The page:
Peter Delpeut

The Forgotten Season

Torn between knowledge and superstition

This first novel by much-praised director and filmmaker Peter Delpeut is set in the mid-nineteenth century. Every week, Lidia, a sick child in a remote country village, receives the stigmata; wounds appearing on her hands and feet like those of Christ on the cross. A small but devout band of believers refuse to eat, among other things, since they hope that through the girl’s ecstasy they can share the miraculous manifestations of the Messiah, who would seem to be revealing himself to the village through Lidia.

Father Peters, a priest at the height of his career, is sent by the archbishop to investigate. Are the stigmata a miracle, or a hoax? He finds himself up against the progressive Dr Wessels, an unbeliever who dismisses everything out of hand as hysteria.

Peters is an aesthete who feels at home in the city of Rome, a lover of art and literature, who does not shrink even from books on the Index: ‘nothing is so agreeable as a crisply formulated fallacy’. He is a child of the nineteenth century, the century of Darwin, the century in which God is declared dead not only by Nietzsche but by many scientists, and the supposed historicity of the Bible is investigated for the first time.

Peters realises that for the people flocking around Lidia, faith is no more than a straw to cling to, and yet he is deeply affected by Lidia’s suffering.

As he attempts to solve the case his problems mount: Wessels wants Lidia to undergo an operation, his own housekeeper becomes increasingly meddlesome, and her son, the village idiot, seems Peters’ only ally in the hostile village community. When the villagers come to believe the idiot has tried to molest Lidia, the villagers exact a terrible vengeance on him, but as if they are actually taking revenge on Peters himself.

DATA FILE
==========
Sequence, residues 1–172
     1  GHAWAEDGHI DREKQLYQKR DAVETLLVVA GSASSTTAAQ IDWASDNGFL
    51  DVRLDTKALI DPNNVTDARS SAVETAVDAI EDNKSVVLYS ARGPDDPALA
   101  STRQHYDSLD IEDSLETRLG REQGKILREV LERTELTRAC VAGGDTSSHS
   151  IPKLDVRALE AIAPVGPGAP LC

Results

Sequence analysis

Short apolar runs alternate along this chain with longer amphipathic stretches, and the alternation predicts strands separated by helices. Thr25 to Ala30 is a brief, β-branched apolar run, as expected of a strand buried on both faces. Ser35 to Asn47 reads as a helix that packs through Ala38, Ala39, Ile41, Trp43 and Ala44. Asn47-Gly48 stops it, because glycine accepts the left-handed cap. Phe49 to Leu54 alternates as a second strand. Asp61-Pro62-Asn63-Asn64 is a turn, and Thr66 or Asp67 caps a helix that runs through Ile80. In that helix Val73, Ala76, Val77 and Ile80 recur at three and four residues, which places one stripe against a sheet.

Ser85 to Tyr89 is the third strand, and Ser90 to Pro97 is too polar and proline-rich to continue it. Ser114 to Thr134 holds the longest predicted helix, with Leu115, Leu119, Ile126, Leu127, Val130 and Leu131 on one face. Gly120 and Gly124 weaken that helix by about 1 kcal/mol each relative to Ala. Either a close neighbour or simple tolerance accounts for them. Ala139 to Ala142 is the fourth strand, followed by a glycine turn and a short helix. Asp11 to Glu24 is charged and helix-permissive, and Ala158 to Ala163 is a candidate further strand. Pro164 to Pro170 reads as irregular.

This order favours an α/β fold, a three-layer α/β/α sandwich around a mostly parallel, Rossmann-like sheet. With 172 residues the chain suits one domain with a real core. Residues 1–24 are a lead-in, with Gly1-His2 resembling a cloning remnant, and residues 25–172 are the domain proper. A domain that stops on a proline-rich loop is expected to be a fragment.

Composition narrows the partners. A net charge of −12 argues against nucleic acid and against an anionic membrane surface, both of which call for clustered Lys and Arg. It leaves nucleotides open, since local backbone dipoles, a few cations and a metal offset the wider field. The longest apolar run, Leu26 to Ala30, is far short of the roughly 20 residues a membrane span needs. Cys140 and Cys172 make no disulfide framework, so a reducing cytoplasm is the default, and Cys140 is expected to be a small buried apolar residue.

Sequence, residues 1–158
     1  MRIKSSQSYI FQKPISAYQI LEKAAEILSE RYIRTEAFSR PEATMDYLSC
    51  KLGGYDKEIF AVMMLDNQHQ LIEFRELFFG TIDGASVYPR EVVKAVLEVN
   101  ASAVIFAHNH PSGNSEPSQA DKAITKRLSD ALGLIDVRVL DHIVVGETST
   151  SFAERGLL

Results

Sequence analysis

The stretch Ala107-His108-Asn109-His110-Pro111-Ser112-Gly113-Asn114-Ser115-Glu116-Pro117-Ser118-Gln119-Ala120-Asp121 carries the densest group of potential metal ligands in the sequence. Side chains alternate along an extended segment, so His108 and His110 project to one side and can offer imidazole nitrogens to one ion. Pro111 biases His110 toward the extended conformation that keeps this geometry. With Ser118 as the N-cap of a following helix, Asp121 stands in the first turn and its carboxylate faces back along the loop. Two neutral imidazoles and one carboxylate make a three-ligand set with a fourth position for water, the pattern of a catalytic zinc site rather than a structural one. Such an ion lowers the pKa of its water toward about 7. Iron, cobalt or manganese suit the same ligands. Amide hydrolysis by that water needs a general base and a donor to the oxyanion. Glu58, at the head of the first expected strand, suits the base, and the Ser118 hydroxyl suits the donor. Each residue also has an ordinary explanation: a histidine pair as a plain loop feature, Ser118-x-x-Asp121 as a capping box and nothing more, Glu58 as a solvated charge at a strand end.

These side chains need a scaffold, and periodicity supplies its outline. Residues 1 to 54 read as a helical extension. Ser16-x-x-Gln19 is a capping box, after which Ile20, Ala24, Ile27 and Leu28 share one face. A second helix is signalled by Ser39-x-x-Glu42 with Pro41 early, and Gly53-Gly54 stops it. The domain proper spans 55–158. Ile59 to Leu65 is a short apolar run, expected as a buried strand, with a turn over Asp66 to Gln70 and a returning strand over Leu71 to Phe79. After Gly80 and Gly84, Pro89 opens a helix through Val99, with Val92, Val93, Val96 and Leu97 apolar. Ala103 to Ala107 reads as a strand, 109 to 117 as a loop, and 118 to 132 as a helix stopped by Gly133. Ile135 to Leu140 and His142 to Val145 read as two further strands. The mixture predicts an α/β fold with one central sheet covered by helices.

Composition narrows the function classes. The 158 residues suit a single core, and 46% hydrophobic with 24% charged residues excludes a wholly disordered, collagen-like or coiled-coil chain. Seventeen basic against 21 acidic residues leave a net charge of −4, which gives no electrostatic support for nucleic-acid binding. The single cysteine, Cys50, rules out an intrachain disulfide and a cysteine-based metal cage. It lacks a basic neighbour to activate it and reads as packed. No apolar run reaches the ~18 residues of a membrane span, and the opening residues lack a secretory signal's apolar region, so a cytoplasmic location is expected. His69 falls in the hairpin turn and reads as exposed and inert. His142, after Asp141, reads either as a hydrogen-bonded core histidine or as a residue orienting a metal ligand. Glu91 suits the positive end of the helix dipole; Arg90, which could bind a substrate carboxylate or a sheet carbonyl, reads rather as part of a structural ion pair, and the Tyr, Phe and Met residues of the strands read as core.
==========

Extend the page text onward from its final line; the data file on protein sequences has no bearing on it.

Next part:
Delpeut evokes naturally and realistically the atmosphere of a period that, despite being so recent, can feel medieval. At the end of the book when he hears a cock crow for the third time, the priest knows that ultimately he must face defeat. The Forgotten Season is a gripping, atmospheric novel about a time closer to our own than we should like to think.

Delightful and horrifying. […] The characters are developed consistently and with great acuity, the dialogue is sharp and funny and the descriptions of nature evocative. […] Delpeut’s first-born is enchanting. de volkskrant Delpeut excels at detailed descriptions of the still inhospitable nineteenth-century Dutch landscape and the simple souls who inhabit it.


Peters is portrayed convincingly and movingly as a man torn between knowledge and superstition, between delusion and the real world. Exactly as befits a nineteenth-century character.

NRC Handelsblad

Peter Delpeut

Peter Delpeut (b. 1956) made the film Felice… Felice…, which opened the 1998 International Film Festival Rotterdam and was chosen as best Dutch feature film. In the same year his first book was published, a novella of the same title. In 1999, to accompany the first screening of Diva Dolorosa, a…

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Het vergeten seizoen (2007). Fiction, 254 pages.

Sample translation

English (PDF document)



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